Design & Build Quality
Aesthetically, the Flare E-prototype lives up to its name: it looks and feels like… a prototype.
Compared to the FiiO FA7S, that I previously reviewed, the difference is quite striking. If the first was visually stunning, thanks to its stainless steel body, the E-Prototype isn’t so appealing. In fact, out of the box, the Flare could be easily mistaken for an ear-aid, instead of an earphone, due to its pale-gray color and PLA-made shell.
But, as advertised in the name, this IEM is, first and foremost, a prototype. And for one, I have to admit that Flare did a pretty good job, even more from a 3D printer hobbyist – which I am. Each earpiece is made from a bio-compatible non-toxic polymer and if lightweight, the E-Prototype withstood my daily travels without any hassle. Again, those shells are reasonably long, but as we’ll see later, the shape makes them surprisingly easy to fit otherwise.
A quirky but very interesting design.
Surprisingly, the Flare E-Prototype build quality is pretty good. It’s an open-back IEM, with a convoluted shape, due to the USQ technology.
If not replaceable, the built-in cable is covered by a reinforced, tangle-free sheath, providing enough sturdiness for my daily commute. Of course, since the cable is directly wired to the driver, any bad movement or heavy strain could lead to a bad situation, but that didn’t happen to me.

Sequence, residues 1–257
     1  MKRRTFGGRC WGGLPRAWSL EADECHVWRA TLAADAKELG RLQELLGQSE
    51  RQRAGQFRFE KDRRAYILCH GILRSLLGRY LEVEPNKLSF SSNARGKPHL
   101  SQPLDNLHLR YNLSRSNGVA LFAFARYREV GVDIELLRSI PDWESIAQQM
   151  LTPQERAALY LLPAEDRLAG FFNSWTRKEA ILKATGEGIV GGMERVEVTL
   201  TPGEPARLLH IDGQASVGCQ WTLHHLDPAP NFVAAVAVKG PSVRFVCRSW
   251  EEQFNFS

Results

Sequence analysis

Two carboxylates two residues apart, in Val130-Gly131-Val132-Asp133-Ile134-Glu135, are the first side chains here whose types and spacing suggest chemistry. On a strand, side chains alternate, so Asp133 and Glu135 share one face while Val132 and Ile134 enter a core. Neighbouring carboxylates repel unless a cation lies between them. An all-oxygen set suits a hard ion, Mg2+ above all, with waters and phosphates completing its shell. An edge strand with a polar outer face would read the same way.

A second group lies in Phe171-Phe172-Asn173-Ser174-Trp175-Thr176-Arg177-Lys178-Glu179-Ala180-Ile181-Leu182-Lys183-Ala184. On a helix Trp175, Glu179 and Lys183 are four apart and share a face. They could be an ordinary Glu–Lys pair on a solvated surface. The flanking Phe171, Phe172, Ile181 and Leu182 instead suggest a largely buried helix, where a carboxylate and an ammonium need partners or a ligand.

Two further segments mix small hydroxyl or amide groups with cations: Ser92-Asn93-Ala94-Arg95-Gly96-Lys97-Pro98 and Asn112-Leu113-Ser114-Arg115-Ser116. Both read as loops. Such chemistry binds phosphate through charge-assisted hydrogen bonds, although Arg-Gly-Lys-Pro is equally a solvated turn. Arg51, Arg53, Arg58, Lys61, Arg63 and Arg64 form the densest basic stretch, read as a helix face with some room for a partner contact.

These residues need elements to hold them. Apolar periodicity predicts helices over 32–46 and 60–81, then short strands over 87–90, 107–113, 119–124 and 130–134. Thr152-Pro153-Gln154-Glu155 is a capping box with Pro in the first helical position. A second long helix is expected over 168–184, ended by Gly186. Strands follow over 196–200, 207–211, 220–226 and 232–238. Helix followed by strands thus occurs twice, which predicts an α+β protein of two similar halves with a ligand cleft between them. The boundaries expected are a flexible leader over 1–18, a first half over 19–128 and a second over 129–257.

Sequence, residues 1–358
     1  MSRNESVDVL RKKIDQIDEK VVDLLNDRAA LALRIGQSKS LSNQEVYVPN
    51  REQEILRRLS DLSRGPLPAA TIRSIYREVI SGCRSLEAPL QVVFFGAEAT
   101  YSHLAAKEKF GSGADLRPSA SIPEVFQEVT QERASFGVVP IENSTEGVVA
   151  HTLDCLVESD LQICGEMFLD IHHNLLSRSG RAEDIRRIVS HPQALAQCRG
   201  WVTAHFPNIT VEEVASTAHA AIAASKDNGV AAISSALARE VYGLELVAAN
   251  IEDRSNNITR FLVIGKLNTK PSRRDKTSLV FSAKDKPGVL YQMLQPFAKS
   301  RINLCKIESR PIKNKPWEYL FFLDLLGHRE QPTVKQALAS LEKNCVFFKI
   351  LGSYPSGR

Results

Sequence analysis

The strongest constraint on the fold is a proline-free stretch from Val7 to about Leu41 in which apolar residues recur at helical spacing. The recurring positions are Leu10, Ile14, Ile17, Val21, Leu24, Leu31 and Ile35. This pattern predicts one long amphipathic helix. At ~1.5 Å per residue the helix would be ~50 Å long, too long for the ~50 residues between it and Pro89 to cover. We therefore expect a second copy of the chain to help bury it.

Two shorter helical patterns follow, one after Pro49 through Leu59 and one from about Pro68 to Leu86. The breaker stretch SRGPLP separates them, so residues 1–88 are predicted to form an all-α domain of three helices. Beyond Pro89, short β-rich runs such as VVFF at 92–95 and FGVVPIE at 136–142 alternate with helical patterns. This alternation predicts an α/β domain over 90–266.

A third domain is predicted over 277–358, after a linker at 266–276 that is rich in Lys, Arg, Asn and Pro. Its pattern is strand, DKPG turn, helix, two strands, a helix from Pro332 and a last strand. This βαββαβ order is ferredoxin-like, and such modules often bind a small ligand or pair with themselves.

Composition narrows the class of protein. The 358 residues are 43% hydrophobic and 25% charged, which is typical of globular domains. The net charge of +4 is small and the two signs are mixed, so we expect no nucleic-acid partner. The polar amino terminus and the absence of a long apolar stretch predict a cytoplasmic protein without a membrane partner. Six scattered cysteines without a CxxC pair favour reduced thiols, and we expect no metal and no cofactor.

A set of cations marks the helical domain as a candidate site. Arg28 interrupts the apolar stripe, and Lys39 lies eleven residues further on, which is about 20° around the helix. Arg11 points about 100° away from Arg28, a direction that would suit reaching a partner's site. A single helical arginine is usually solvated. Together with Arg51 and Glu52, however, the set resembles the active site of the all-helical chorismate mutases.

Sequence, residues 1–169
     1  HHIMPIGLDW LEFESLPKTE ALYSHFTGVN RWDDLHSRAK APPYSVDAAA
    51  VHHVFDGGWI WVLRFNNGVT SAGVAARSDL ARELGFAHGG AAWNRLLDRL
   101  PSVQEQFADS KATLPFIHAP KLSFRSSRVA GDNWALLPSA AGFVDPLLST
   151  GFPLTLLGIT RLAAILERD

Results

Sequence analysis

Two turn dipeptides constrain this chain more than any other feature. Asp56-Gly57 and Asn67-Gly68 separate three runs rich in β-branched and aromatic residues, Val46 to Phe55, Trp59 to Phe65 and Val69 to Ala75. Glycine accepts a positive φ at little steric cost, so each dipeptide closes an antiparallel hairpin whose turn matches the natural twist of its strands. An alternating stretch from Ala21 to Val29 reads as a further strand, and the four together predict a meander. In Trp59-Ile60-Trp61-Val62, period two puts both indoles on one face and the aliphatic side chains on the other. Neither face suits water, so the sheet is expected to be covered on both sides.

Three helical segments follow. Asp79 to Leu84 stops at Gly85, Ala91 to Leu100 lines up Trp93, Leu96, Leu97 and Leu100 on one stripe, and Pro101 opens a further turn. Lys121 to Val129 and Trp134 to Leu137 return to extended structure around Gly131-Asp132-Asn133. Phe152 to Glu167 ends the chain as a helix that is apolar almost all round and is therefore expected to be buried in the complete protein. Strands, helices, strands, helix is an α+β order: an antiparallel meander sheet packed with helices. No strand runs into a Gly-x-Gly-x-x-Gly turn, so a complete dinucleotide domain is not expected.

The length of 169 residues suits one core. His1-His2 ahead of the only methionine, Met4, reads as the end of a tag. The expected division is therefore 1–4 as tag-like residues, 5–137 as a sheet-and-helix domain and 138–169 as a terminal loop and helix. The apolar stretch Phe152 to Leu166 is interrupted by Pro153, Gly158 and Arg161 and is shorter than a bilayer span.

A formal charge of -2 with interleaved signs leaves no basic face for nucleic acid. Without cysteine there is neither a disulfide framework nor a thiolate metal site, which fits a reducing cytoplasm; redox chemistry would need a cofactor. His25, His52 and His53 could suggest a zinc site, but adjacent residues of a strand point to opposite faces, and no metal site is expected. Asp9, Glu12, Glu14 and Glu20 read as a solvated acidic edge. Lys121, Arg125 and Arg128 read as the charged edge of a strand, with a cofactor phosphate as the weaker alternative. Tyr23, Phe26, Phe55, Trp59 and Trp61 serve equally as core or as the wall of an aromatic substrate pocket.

Being made of PLA resin, the case isn’t as posh as your usual resin IEM – such as the FA9 – but the end result is quite sturdy and scratch-proof. My only real concern remains the open-back design, where dust could easily find its way, so you may have to blow a few times into that port.
An extra mark for the lid on the nozzle though, I never lost any ear tips, as that could be the case with other models, missing that simple, but clever feature. I’d be pretty curious to see the final version, but for now, let’s say that for a prototype, it’s more than decent!
Let’s check how they fit in the ear.
In the ear
At first, I was set back by the shape, but the Flare E-Prototype was surprisingly comfy.
Out of the box, I expected those ears to be a tad too big for my use. But, Flare did its class, and once fitted with the right eartips (small silicone for me) they completely filled my ear holes and didn’t move over time.
Okay, the whole design remains a bit weird especially once you wear them, but one the long run, the in-ear didn’t give me any discomfort. Regarding the tips, I ended up with the medium-sized one, giving me a tight seal.
Compared to acrylic, semi-custom-shaped IEM, the Flare doesn’t give you the same level of comfort, yet I’d give them a good 7 out of 10.
Obviously, with a semi-custom design, isolation isn’t the E-prototype forte. Even if, to my surprise, the design makes them a little more impervious to outside noises than I expected.
They performed well in noisy environments like the train and even managed to block human voices. That said, If someone were to talk relatively loud near you, you’ll feel like a part of the discussion, music magnifying every word they could say.
Still, it’s much better than I expected: once you play your music at a moderate level, the IEM will be able to cover most unwanted noises. A closed-back version would be very impressive!
So, time to check the specs!
Page 1: Flare overview
Page 3: Specifications, Bundle
Page 4: Sound & Conclusion